Click below to listen to my 2 min. Garden Bite radio show: Nature: Good for the Body, Good for the Mind
Today we officially celebrate Veterans Day. Originally called Armistice Day, commemorating the signing of the agreement that ended World War I at 11:00 A.M., November 11, 1918, this federal holiday was changed to Veterans Day in 1954. At that time, it became a day to honor all the men and women who have served in the armed forces of the United States.
Garden Bite honors those who have come back from war with injuries that include Post Traumatic Stress. Transitioning from combat to civilian life isn’t easy.
Experts are going back to lessons from long ago about the role nature has in healing. I have another radio show called “15 with the Author” and several years ago I talked with Stephanie Westlund who wrote, “Field Exercises: How Veterans Are Healing Themselves through Farming and Outdoor Activities”.
It’s been a much needed look at the healing properties of being in nature, such as in gardening, for our veterans. What’s so interesting is how going back to the land, farming or gardening, being it vegetables or flowers or forests, can reduce the feelings of anxiety and stress so often accompanied with traumatic events in a persons life. The Healing Powers of the Earth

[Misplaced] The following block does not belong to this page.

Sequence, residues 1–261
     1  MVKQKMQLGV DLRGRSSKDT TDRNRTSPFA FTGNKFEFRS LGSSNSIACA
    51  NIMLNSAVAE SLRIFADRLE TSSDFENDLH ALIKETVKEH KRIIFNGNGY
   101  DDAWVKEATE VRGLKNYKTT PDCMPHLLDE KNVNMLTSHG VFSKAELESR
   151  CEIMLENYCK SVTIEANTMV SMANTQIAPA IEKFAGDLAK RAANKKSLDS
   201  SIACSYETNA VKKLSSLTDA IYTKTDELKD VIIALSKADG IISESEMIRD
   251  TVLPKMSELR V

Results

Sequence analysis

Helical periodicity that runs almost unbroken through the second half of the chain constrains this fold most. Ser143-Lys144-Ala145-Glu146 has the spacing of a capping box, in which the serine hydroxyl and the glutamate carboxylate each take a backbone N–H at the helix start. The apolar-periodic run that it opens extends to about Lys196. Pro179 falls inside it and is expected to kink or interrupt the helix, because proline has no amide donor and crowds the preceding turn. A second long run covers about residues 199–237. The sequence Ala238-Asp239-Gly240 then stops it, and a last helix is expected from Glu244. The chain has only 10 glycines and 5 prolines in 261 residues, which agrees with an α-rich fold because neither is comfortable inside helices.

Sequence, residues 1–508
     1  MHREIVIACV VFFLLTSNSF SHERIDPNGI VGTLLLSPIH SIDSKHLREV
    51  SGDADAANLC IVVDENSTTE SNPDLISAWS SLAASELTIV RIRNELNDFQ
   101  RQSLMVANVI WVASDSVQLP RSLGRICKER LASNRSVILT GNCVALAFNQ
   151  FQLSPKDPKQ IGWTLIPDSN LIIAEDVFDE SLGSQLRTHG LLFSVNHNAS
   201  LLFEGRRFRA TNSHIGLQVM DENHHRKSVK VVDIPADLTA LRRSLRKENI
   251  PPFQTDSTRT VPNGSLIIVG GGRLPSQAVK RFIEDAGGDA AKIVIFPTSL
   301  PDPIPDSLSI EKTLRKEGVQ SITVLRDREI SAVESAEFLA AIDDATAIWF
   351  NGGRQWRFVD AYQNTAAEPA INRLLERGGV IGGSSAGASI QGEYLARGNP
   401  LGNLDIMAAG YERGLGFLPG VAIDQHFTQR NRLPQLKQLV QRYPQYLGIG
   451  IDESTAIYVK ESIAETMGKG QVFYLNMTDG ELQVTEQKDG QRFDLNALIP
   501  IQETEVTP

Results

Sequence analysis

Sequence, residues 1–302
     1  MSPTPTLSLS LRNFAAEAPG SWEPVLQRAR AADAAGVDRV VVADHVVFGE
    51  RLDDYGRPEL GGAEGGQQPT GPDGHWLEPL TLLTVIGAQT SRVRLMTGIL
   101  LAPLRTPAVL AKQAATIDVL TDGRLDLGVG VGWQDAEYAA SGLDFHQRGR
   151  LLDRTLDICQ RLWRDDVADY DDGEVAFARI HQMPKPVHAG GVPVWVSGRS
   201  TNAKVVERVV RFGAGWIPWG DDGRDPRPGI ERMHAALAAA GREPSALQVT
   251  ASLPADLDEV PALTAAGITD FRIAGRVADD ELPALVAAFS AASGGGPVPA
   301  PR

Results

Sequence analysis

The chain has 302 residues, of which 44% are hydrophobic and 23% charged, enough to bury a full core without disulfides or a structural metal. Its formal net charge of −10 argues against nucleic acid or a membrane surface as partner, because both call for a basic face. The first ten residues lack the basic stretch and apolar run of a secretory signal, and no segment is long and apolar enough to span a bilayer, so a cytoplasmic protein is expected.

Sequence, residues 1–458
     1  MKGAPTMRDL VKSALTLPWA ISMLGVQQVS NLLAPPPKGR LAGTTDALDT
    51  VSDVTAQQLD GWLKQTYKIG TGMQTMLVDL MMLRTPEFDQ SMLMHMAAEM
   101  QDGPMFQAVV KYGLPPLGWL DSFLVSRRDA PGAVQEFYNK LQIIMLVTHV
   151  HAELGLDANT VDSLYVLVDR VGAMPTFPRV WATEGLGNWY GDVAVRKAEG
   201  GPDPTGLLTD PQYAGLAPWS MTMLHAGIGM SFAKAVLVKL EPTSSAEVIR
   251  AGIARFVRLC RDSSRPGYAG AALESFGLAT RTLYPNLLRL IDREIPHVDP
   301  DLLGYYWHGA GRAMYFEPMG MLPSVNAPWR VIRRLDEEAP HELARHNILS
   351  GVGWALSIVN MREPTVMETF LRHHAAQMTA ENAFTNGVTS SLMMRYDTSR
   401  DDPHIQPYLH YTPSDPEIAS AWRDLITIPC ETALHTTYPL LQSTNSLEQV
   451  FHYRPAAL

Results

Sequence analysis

It’s not just the sight of nature but the feel of soil. Researchers are studying mycobacterium in soil and say that it acts like serotonin. Gardeners inhale the bacteria, have topical contact with it and get it into their bloodstreams when there is a cut or other pathway for infection.
Early indicators of tests on rats are finding the natural effects of the soil bacteria antidepressant can be felt for up to 3 weeks. Study linking beneficial bacteria to mental health makes Top 10 list for brain research.
This isn’t pseudo science, these are University based researchers discovering what ancestors may not have KNOWN but rather FELT as they worked and played outdoors. Veterans Healing in Nature – short film
In the book, Field Exercises, returning soldiers often don’t feel safe but as they walk through gardens, stroll paths through parks or work the soil, a sense of security often settles on them.
God bless our veterans.